"Amal is a human rights lawyer who worked on the Enron case, was an advisor to Kofi Annan regarding Syria and was selected for a three-person U.N. commission investigating rules of war violations in the Gaza Strip. So tonight, her husband is getting a lifetime achievement award."
So Tina Fey perfectly nailed the funny world we live in at the 2015 Golden Globes, when George Clooneyreceived the Cecil B. DeMille Award and his wife, renowned human rights attorney Amal Clooney (née Alamuddin), was applauded for bringing opera gloves back to the red carpet and then meme'd for posterity as George was singing her praises during her speech.
But though the Internet at large may be more aware of Amal through the lens of her husband, a Hollywood heartthrob since the 1990s who over the years has become the sage celebrity voice of an industry (and Nescafé), George at least seems to be aware of how lucky he got.
And that's what matters.
"It's a humbling thing when you find someone to love," George memorably said toward the end of his acceptance speech. "Even better if you've been waiting your whole life. And when your whole life is 53 years...cue Amy, start the jokes. [A self-deprecating reference to the zinger of all Globe zingers from 2014, about how, in Gravity, Clooney would "rather float away into space and die than spend one more minute with a woman his own age."]
"Amal, whatever alchemy it is that brought us together, I couldn't be more proud to be your husband."
Proving that no matter who you are, it does sometimes feel as though a certain level of happiness wouldn't have been possible if fate hadn't lent its mystical hand to the situation.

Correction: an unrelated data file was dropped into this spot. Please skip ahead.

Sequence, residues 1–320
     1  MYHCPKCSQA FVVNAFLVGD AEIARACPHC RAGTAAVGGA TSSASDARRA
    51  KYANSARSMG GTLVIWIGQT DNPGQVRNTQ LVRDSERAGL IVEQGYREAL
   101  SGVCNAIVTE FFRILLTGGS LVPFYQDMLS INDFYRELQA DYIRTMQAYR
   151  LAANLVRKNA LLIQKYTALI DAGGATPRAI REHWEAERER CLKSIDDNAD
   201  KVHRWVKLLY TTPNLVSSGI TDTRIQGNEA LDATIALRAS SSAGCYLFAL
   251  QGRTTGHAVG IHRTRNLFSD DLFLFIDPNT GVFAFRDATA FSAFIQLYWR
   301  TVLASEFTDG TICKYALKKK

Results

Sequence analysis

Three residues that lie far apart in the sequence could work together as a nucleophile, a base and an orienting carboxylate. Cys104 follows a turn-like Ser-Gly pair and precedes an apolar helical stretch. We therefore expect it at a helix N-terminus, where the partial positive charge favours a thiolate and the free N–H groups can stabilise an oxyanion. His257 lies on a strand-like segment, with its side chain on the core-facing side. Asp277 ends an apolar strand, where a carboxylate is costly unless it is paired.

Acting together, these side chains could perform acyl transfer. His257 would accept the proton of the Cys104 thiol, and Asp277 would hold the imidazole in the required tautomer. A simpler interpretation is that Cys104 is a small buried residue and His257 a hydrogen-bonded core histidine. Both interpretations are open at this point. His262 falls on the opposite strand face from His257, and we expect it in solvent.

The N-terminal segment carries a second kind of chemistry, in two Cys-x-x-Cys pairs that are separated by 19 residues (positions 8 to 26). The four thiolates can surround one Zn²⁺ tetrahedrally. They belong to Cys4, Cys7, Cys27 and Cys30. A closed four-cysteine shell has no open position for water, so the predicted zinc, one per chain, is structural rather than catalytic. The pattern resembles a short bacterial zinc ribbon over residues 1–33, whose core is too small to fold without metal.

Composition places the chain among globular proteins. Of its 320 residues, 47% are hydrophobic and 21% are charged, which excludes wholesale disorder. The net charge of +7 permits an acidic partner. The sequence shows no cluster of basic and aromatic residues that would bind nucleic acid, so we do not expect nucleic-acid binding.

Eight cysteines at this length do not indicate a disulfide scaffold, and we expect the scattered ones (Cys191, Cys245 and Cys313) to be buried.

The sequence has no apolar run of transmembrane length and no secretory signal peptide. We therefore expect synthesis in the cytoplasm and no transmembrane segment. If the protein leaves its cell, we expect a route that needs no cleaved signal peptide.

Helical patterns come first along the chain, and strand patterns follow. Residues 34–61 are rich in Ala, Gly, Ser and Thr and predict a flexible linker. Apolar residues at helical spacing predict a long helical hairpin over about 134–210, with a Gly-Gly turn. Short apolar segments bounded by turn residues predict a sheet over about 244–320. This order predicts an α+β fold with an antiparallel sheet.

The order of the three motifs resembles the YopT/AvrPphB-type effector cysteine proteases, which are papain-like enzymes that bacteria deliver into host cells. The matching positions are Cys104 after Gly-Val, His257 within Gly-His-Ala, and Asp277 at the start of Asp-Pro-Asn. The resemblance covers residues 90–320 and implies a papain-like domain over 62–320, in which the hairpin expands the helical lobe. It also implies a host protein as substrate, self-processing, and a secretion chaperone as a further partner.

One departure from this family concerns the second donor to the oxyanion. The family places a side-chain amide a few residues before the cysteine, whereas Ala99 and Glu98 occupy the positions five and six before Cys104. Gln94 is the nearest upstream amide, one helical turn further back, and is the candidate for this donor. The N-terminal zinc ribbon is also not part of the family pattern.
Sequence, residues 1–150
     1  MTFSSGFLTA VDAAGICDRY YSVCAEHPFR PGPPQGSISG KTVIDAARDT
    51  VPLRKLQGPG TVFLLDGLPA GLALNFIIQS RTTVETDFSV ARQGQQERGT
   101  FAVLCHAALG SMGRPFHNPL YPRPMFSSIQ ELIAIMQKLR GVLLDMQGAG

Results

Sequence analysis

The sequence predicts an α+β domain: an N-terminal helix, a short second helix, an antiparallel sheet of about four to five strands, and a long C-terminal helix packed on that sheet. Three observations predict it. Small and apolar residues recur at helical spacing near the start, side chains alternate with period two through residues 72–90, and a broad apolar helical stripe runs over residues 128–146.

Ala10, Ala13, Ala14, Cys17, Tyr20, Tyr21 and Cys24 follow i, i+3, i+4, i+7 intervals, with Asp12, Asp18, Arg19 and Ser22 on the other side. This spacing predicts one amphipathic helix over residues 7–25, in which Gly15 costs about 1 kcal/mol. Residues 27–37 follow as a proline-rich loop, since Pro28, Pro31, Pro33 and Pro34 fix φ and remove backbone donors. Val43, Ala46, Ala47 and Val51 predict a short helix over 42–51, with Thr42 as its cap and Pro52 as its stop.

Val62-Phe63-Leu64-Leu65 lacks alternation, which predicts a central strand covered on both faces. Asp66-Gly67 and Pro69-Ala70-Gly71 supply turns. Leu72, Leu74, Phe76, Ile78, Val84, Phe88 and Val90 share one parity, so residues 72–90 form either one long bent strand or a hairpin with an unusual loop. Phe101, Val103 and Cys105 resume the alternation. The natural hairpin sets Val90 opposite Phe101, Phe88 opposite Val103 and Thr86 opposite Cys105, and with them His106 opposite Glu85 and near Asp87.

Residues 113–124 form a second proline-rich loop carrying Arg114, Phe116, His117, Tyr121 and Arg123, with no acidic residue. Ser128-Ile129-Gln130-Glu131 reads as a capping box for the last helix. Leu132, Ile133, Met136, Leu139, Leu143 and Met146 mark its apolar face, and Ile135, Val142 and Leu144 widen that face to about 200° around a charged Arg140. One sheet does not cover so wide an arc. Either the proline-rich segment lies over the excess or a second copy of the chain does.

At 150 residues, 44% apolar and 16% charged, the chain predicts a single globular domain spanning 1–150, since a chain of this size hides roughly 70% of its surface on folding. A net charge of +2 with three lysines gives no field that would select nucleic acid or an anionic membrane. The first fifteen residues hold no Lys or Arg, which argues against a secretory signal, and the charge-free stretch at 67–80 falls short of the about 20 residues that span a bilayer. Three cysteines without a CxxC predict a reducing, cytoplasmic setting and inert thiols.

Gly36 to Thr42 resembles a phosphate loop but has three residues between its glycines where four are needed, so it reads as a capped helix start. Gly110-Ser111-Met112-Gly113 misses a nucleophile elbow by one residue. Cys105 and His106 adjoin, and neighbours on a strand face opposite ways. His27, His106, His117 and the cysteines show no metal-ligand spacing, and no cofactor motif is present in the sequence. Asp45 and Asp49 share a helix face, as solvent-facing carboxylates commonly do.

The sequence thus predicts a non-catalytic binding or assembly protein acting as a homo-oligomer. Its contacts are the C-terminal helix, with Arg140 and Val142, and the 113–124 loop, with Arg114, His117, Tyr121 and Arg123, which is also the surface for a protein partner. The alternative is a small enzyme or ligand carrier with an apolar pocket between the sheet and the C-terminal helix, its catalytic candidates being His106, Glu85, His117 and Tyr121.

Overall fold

In George and Amal's case, it turns out that the alchemist was Clooney's agent.
George's father, Nick Clooney, had previously intimated that his son met his future bride at a dinner, they hit it off and poof, so went the fantasies of millions of women everywhere.
But now we have a fuller picture of how that all came to pass. There was dinner involved, but that came later. Rather, in true George Clooney-post-ER fashion, the Oscar-winning actor and producer was just relaxing at his home in Lake Como in July 2013 when fate knocked on his door.
"I didn't leave the house," he recalls in the upcoming second episode of My Guest Needs No Introduction With David Letterman. "No, it's the wildest thing. A mutual friend of ours said, 'I'm stopping by and can I bring my friend?'
"And I was like, 'Of course.' I got a call from my agent who called me and said, 'I met this woman who's coming to your house who you're gonna marry.'"
Enter Amal Alamuddin, an attorney who was internationally renowned in her own right for her tireless work defending the rule of law in cases where the government was more apt to throw due process out the window. (We're guessing George's agent thought, Well, Clooney's pretty smart and, considering his work raising awareness about human rights violations in Sudan and his involvement with Not On Our Watch... maybe these two kids will hit it off!)
Born in Beirut and raised in England to a travel agent father and journalist mother who affectionately call her "Amoula," Amal couldn't be more impressive on paper. She has degrees from Oxford University and New York University School of Law. She's a member of both the New York and London Bars. She speaks English, French and Arabic. She joined London's estimable law firm Doughty Street Chambers. She just may be on a first-name basis at The Hague.
She served as advisor to Kofi Annan (as Tina noted). She was appointed to a panel investigating the act of rape as a war crime. She's represented victims of ISIS. She fights for prisoners to ensure their rights are being respected behind bars.
AP Photo/Christian Lutz
But as an exacting proponent of the law, Amal didn't just take on the easier cases where it was an easy question of good vs. bad. She was on a team representing controversial WikiLeaks founder Julian Assange in his extradition case against Sweden. She served as a legal advisor to the king of Bahrain, whose been widely accused of presiding over systemic repression and torture. In 2014, after she got engaged to George Clooney and became internationally famous twice-over, she appeared on behalf of Abdullah al Senussi, Libyan leader Muammar Gaddafi's former henchman who was universally recognized as a terrible man—but whom was entitled to have his rights recognized by the International Criminal Court in its quest for global justice, if Libya refused to do so, his lawyer insisted.